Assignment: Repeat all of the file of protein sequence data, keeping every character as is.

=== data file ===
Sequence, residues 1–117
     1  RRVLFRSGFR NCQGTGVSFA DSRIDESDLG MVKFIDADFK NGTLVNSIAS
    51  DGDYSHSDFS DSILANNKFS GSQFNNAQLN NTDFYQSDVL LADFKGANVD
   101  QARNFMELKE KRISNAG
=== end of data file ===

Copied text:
Sequence, residues 1–117
     1  RRVLFRSGFR NCQGTGVSFA DSRIDESDLG MVKFIDADFK NGTLVNSIAS
    51  DGDYSHSDFS DSILANNKFS GSQFNNAQLN NTDFYQSDVL LADFKGANVD
   101  QARNFMELKE KRISNAG